License Types

Non-exclusive: Pertaining to a license where the licensor gains rights to use the works for a specific project while the artist/publisher retains ALL rights to license said works for any and all future projects.

Product Exclusive: A licensing agreement whereas the artist/publisher agrees to license the works exclusively for one specific type of product. For example, a video about Africa or a stuffed animal toy. The agreement is very narrow and specific to the exact type of product. Not just videos or toys in general BUT a specific subject or type of product.

Industry Exclusive: A broader agreement than the previous with wider exclusivity for products. For example, all toys, all computer games or all TV commercials. License may also involve other restrictions. (See next entry)

Time Limited: Refers to a time limited license which can be used in conjunction with any of the above licenses. For example, an agreement for exclusive rights for all videos for a term of 3 years.


Local: A small market usually restricted to one or two small to medium size cities.

Regional: A larger city containing several major suburbs or markets area such as Chicago or New York City. Also a larger broadcast area such a one or two states.

National (USA): Markets within the United States of America.

National (USA + Canada): Markets within the United States of America and Canada.

Multinational: Market covering several countries outside the USA. For example, several European markets.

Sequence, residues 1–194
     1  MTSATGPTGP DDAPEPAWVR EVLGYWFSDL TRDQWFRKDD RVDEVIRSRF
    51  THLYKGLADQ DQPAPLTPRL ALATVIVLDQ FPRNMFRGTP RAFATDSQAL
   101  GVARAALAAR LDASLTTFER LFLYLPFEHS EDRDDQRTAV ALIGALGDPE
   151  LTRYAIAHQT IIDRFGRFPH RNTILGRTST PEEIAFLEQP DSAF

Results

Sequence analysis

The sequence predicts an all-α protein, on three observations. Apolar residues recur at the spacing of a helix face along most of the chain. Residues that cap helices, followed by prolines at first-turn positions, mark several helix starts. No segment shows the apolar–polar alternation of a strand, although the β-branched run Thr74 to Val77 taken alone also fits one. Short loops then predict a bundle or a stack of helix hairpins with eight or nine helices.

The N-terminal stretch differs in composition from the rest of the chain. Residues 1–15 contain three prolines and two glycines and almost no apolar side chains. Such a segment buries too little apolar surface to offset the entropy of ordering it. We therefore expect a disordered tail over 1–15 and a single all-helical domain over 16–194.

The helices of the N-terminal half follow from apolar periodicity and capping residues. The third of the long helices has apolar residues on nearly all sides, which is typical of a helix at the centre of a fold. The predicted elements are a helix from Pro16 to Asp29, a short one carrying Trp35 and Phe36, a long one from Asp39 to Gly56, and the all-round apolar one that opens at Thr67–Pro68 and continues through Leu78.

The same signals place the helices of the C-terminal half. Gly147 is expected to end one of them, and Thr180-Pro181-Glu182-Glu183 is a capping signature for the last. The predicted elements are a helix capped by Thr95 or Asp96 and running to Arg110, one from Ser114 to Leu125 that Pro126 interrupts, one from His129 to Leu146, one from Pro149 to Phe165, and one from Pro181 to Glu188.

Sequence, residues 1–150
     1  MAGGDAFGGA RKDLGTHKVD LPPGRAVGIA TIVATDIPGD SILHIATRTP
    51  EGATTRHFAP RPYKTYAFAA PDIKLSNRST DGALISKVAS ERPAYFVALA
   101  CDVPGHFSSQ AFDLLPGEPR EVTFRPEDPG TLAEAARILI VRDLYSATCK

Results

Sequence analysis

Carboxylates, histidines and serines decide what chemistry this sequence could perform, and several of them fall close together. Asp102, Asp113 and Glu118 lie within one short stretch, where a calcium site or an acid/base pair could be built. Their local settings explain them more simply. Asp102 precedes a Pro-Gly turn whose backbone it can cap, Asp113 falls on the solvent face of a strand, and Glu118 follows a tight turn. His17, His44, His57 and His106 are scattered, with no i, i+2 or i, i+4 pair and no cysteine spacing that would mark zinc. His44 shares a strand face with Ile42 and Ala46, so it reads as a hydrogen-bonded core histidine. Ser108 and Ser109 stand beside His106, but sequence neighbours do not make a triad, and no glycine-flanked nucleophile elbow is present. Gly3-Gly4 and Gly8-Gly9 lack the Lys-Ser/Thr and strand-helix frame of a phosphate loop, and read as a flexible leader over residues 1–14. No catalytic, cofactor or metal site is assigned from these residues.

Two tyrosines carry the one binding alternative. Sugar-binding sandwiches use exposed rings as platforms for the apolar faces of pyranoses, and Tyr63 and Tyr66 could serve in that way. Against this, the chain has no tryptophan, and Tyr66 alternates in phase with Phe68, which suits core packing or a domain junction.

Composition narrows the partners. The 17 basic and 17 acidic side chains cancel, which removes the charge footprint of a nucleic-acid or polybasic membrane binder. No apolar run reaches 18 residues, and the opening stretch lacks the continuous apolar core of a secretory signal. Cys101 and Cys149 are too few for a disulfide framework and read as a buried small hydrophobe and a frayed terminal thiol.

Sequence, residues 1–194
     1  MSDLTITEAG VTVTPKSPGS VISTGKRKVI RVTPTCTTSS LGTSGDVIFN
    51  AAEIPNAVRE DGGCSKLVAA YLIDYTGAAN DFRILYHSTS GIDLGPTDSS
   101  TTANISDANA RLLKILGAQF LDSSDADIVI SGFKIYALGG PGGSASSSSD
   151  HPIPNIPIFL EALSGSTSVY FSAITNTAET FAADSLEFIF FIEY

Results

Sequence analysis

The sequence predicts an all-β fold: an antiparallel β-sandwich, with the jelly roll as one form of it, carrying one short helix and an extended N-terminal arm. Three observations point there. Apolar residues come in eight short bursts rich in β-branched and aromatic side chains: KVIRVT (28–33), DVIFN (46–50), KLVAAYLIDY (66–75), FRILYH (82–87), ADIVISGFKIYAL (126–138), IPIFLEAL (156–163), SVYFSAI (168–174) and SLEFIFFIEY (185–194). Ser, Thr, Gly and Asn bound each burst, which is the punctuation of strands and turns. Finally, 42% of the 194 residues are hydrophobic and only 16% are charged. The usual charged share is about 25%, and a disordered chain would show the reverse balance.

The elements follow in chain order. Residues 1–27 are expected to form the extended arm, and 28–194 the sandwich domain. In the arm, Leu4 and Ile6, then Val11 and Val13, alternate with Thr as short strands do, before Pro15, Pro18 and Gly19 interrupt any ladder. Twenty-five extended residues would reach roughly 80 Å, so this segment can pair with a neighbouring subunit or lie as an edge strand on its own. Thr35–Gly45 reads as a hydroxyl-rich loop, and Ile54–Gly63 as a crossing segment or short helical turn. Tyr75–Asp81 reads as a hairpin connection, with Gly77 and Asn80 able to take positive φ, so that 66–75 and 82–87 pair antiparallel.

Worldwide: Covering all markets, domestic and foreign, worldwide.

Broadcast Television

Free Television
Basic Cable
Pay or Subscription
PSA (Public Service Announcement)

Broadcast Period

The frequency for which a show is broadcast. Either on a daily, weekly, monthly, yearly (such as holiday specials) or a one time special event (such as the Olympics)

Usage Type

Feature: Song is uses prominently in it’s usage. Advancing the story line with little or no dialogue or prominently featured on a toy or game. Example, a boy looking up at the sky at the stars while “Twinkle Twinkle Little Star” plays or a doll that sings “Rock-A-Bye Baby.”

Theme: Used as a opening or closing theme or during opening or closing credits. Also as a recurring theme for a character or situation. Example, “Rocky” type music plays when the movie opens or when the fighter enters the ring.

Background: Mixed with sound effects and/or dialogue as part of an overall scene or situation. Example, music playing on a jukebox when a character enters a restaurant.

Payment Preference

Royalty: A per unit sold or per broadcast payment. Example, 10¢ for each video sold which can be paid quarterly or biannually or when the dollar amount reaches a certain plateau such a $100 in royalties due.

One Time Flat Fee: A one time payment based either as a complete buyout for life-of-copyright or restricted by unit amounts or restricted by a time limit of 1, 3, of 5 years.

Quarterly Payments: Based either on an amount plateau or simply a per unit sold amount to be paid regularly every 3 months. It’s standard that an accounting sheet of what titled or products were sold or when a show was aired should accompany each payment.

Flat Fee Increments “Rollover”
: Based on a per unit sold fee or a flat fee based on a bulk amount to be paid on a regular basis. Example, a fee when the first 5,000 units are sold with another payment due when the next 5,000 are sold. Or the payment can be an upfront fee to cover the first 5,000 with another payment due if the licensor wishes to extent the license for the next 5,000. The units sold does not have to be the same for each increment however. For example, an upfront payment for the first 10,000 sold with payments after that for additional 2,000 unit increments. Almost certainly some kind of upfront “advance” will be required.

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